We knew it would come to this, didn't we? Even before Mike
Eruzione, captain of the 1980 U.S. hockey team, lit the Olympic
cauldron at Rice-Eccles Stadium--then checked his cell phone to
find a message of congratulations from Mario Lemieux, captain of
this year's Canadian club--we knew that a U.S.-Canada hockey
final was inevitable. The two nations came into the Games
already in a bitter battle for control of hockey's grandest
non-Olympic stage. Canada produces three times as many NHL
players as the U.S. does; the U.S. is home to four times as many
This is an article from the Feb. 24, 2002 issue
For four years the two nations have been lampooned for their
medalless showing in Nagano. Canada hasn't won a gold in hockey
since 1952. The U.S. drought dates back 22 years. Today, in what
U.S. center Doug Weight calls "the matchup everyone wanted from
the start," one of these rivals will revel in its long-awaited
Before these Games unfurled no one could have foreseen how
closely the U.S. and Canada would commingle. Who, for instance,
could have known that Americans would be lining up by the
hundreds to buy clothing from Canadian outfitter Roots? Or that
on the first night that Bode Miller, America's best skier, stood
at a medals ceremony he would be succeeded on stage by Barenaked
Ladies, Canada's best band? Or that a Quebecois journalist,
Francois Gagnon, would lock himself out of his hotel room,
naked, and then cover his heirlooms with a USA Today. The U.S.
and Canada, joined at the hip.
On Friday, U.S. hockey coach Herb Brooks, who works as a scout
for the NHL Pittsburgh Penguins, was looking forward to the final
when he pointed out that Lemieux, who owns the Penguins, "is a
spectacular player. And, well, Mario's my boss. So let me say
that Canada is a great team."
Some people believe the fate of today's game is not in the stars
but in the stripes. Russian players were incensed at the
officiating of Canadian-born referee Bill McCreary in Russia's
3-2 semifinal loss to the U.S. on Friday. Defenseman Danny
Markov complained so vigorously after the game ended that he was
barred from playing in Russia's 7-2 win over Belarus in
yesterday's bronze medal game. "There's not much you can do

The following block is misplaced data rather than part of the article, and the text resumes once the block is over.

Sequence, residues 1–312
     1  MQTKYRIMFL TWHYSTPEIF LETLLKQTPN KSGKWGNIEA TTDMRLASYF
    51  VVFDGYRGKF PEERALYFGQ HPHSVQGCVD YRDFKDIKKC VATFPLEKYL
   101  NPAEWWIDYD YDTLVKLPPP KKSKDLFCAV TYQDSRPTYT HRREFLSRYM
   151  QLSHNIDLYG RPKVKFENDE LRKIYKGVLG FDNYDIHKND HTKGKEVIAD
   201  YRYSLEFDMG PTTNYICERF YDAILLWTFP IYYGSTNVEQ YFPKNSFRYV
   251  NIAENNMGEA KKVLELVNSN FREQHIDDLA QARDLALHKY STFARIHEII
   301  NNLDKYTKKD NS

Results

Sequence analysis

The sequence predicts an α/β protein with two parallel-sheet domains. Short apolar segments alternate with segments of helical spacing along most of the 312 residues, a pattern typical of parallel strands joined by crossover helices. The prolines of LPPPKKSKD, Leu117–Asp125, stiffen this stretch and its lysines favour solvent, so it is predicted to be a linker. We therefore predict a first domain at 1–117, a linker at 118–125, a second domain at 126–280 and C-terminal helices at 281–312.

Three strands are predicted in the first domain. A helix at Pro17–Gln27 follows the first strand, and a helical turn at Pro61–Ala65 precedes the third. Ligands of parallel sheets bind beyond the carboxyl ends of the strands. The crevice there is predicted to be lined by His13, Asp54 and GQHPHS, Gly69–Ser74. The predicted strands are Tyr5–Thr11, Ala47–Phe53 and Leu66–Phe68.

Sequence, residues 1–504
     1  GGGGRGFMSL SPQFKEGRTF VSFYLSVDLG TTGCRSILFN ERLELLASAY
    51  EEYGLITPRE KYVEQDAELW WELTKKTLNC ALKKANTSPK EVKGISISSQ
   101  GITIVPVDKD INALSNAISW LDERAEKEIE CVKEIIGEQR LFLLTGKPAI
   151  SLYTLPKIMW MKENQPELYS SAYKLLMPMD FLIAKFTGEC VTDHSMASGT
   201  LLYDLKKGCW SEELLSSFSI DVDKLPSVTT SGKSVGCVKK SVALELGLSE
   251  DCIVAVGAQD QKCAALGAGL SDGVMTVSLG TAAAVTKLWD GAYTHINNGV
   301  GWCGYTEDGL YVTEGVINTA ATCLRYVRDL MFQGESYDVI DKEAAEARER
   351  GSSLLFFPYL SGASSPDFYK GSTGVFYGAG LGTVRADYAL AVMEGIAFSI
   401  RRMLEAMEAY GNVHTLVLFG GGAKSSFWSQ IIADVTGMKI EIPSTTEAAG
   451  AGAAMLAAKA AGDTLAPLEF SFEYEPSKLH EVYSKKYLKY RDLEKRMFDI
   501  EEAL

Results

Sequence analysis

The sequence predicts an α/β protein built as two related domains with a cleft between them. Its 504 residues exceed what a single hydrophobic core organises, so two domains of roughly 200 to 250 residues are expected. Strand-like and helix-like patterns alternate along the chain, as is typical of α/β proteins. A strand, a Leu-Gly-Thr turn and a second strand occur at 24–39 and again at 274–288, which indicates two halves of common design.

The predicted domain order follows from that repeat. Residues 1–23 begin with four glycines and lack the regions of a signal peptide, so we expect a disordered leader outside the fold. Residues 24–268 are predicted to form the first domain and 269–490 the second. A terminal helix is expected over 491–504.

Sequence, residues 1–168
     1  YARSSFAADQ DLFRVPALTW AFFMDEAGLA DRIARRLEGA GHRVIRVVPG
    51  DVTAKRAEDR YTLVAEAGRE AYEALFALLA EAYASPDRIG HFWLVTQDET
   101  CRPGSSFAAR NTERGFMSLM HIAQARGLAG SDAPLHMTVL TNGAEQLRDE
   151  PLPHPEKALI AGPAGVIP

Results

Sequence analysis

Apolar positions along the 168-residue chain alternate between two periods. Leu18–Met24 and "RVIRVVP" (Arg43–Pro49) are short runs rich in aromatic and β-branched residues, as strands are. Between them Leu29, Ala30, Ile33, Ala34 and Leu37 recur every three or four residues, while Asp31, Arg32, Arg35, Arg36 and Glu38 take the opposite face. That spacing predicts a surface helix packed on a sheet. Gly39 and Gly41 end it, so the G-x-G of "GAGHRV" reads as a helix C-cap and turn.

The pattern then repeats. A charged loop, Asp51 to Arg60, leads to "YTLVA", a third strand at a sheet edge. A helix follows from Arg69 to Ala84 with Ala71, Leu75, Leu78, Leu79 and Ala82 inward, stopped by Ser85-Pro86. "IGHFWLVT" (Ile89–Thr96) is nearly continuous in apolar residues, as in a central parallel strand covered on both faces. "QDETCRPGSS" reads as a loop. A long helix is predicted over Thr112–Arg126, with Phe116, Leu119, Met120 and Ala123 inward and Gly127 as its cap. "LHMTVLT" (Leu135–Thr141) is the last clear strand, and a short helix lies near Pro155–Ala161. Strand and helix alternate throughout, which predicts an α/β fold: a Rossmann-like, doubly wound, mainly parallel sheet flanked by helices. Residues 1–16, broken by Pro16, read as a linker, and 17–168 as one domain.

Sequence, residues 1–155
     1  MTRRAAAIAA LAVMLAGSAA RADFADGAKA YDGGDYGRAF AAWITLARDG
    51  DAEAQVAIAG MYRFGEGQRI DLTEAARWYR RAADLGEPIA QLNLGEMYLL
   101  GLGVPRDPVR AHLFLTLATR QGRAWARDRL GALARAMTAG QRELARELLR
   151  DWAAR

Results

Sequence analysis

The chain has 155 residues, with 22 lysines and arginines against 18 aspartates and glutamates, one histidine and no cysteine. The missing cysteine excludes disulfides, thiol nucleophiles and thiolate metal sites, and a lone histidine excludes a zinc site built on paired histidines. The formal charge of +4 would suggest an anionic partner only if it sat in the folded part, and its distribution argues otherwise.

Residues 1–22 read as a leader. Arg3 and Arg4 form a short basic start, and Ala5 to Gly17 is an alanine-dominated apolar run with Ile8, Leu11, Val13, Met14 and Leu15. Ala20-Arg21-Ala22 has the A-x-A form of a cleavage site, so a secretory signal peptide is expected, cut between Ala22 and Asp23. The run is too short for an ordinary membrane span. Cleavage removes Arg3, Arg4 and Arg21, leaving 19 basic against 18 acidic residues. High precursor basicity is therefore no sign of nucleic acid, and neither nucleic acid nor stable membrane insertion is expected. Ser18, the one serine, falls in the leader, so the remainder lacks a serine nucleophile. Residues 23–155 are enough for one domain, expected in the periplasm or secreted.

about it," said Slava Fetisov, the Russian coach. "An
agreement's been signed to have a final between Canada and the
U.S.A. You have NHL referees. They live here, and they know the
North American players."
It is a preposterous contention, yet it was no surprise to hear
the U.S. and Canada tarred with the same brush. No individual,
and no nation, can command the sway of public favor and not
expect a backlash from those who have been overlooked. For North
Americans the Games' final gold medal comes down to a face-off
between good and gooder. For conspiracy theorists, and a growing
alliance of disgruntled nations, the gold will end up in the
hands of an evil empire, no matter who wins.
Despite their similarities, the two teams come to the final by
different means. The U.S. has barely hiccuped through the
Olympic tournament. It dominated Finland 6-0 in its first game
of the placement round, proving immediately that it could
generate and defend against the long, up-ice passes that
international rules allow but the NHL does not. The American
forwards gambled gleefully on the expansive ice (it's 15 feet
wider than standard North American rinks) and went on to whip
Belarus and Germany in the quarterfinals by a combined 13-1. The
only resistance came from Russia, which played the U.S. to a 2-2
tie in the placement round and put together a late charge in the
semifinal matchup after being down 3-0.
The U.S. comes into the final physically intact, save for a thigh
injury that will likely keep forward Keith Tkachuk out of today's
match. Brooks, who guided the 1980 team to its miracle gold, has
never lost a game in Olympic competition. A win today, and the
U.S. will have won three straight hockey golds in Games on
If the U.S. had its most difficult test in the semifinals,
Canada got what goalie Martin Brodeur says was "the breather we
needed," a 7-1 stomping of overmatched Belarus. Canada had
staggered through the placement round. The team was spun around
in a 5-2 loss to Sweden and barely held off lightly regarded
Germany before tying the Czechs. Canada's crack roster, which is
made up of more NHL All-Stars and major-award winners than any
other Olympic team--appeared perplexed in the international
setting and allowed the Europeans to pick it apart. The
Canadians spoke courageously of improving as the tournament went
on and then delivered by playing their best in the quarterfinals
to edge Finland 2-1. "We've been trying to figure out what we